I created this quick guide for understanding Lean Analytics as I was watching this talk by Alistair Croll, co-author of “Lean Analytics: Use Data to Build a Better Startup Faster” at a Google Ventures workshop.
The fundamental idea behind the Lean Startup movement is “Don’t sell what you can make, make what you can sell.”
This is the core process:
Most startups don’t know what they will become. Examples, Hotmail was a database company, Paypal was built for Palmpilots, Twitter was a podcasting company, etc.
Analytics is the measurement of movement towards your business goals.
In a startup, the purpose of analytics is to iterate to product/market fit before the money runs out.
If a metric won’t change how you behave, it’s a bad metric.
Lagging metrics are historical in nature. They describe the past.
Leading metrics are about the future. They predict the future.
The metrics in the chart suggest which users are more likely to become loyal users.
Remember : Correlation does not imply causation. For example, there is a strong correlation between ice-cream consumption and drowning deaths. But the cause of the drownings is “summer time” and not eating ice-cream. Therefore “summer time” is the causal factor.
Growth Hacking, demystified:
1. Pick a metric to change
2. Find correlation
3. Test causality
4. Optimize the causal factor
The Lean Analytics Framework
The Lean Analytics framework “steals” from models by Eric Ries and Dave McClure
1. Eric Ries’ Engines of Growth
2. Dave McClure’s Pirate Metrics model (AARRR)
The Five Stages of the Lean Analytics Framework:
1. Empathy stage: Run surveys and experiments before writing any code. Localmind used Twitter to ask location-specific questions to test whether users would answer these questions from strangers. Avoid leading the witness, phrase the words of the questions in an unbiased way. Use “ghost” features, empty links on the site to see how many users clicked-in. After clicking, tell them that the feature is not yet finished and ask them what they would like to see.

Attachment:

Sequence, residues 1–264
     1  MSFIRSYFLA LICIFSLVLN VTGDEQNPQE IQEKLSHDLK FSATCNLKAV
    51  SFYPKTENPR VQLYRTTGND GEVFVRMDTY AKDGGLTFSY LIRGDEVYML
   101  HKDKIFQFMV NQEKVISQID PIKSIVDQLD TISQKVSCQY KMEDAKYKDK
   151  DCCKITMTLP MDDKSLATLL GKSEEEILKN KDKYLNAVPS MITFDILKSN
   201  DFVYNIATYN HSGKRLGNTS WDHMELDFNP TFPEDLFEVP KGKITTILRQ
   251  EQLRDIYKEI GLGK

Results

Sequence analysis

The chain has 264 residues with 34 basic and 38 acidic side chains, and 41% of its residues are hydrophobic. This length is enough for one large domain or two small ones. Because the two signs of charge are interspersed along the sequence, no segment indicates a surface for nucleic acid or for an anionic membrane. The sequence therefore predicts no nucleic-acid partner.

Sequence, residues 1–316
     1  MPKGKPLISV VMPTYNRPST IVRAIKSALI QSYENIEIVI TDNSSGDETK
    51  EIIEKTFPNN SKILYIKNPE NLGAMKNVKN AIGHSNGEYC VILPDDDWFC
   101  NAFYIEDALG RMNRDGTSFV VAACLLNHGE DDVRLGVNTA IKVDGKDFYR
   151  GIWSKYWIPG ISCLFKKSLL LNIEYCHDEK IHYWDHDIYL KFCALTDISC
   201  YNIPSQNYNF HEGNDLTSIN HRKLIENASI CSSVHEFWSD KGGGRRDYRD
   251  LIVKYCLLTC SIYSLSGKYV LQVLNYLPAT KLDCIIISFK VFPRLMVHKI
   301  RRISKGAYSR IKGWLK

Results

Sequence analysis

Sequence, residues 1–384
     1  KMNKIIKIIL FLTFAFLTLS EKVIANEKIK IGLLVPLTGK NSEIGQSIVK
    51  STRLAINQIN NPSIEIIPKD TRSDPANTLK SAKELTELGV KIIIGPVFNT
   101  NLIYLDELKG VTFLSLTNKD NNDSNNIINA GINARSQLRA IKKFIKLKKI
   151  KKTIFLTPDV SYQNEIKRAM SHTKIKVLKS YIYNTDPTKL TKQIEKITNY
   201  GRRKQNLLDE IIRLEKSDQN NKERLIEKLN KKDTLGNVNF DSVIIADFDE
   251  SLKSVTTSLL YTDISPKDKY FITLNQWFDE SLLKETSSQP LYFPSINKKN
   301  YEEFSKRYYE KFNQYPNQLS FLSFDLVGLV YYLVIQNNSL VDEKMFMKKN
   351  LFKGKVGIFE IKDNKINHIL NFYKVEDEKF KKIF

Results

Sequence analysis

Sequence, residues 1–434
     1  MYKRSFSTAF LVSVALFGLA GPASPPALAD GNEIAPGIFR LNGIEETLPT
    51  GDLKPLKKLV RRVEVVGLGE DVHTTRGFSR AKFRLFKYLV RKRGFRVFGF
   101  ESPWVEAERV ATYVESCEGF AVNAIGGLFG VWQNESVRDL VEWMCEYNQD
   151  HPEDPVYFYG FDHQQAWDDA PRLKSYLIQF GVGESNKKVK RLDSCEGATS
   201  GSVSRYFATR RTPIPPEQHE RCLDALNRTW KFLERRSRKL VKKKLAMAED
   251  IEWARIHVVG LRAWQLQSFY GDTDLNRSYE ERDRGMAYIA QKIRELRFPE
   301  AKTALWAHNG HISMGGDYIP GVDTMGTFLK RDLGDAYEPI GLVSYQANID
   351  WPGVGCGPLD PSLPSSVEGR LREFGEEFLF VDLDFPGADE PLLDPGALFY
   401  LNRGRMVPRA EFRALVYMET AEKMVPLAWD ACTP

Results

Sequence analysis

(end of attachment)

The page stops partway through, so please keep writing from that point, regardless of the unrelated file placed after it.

2. Stickiness stage: Take all that doesn’t encourage adoption and reuse out-of-the-way of the user. Example metric is Engagement, number of days since last engagement, number of users that are disengaged (haven’t come back for the last 10 days).
3. Virality stage: Content sharing, inviting other users, etc. Inherent virality (happens automatically while using the product) or manufactured virality (e.g. special offers).
How to calculate viral coefficient:
The viral coefficient was not the only metric which is important, also consider the virality cycle time.
4. Revenue stage: Can focus on metrics like MRR – Monthly Recurring Revenue, ARPU – Average Revenue Per User, CAC – Customer Acquisition Cost and CLV – Customer Lifetime Value.
5. Scale stage: Metrics like Incremental Order Cost, Unresolved Support Tickets, etc.
Types of Business Models for Internet Businesses:
2. 2-sided marketplaces
4. Mobile Apps
5. User-Generated Content
Whatever your business model is, you should draw a flowchart like this. The book has flowcharts for all six models.
The combination of the model and the stage you’re in gives you the “One Metric That Matters”.
Moz cut down on the metrics they were tracking and used Net Adds. Net Adds = New Users – Churn.
Very useful Master table of Metrics based on Business Model and Stage is available here : bit.ly/BigLeanTable
The Lean Analytics Cycle
You can only Draw a new line when there is some new information from the customer.
The “One Metric That Matters” changes with time, initially it could be all about sign-ups for the first couple of months, then it becomes about conversion rate. Here is an example of a traction graph, where the metric changes over time.
Managing a Lean Startup using the Three Threes Model:
Thank you Ben and Alistair for this great knowledge! Here is how you can reach them.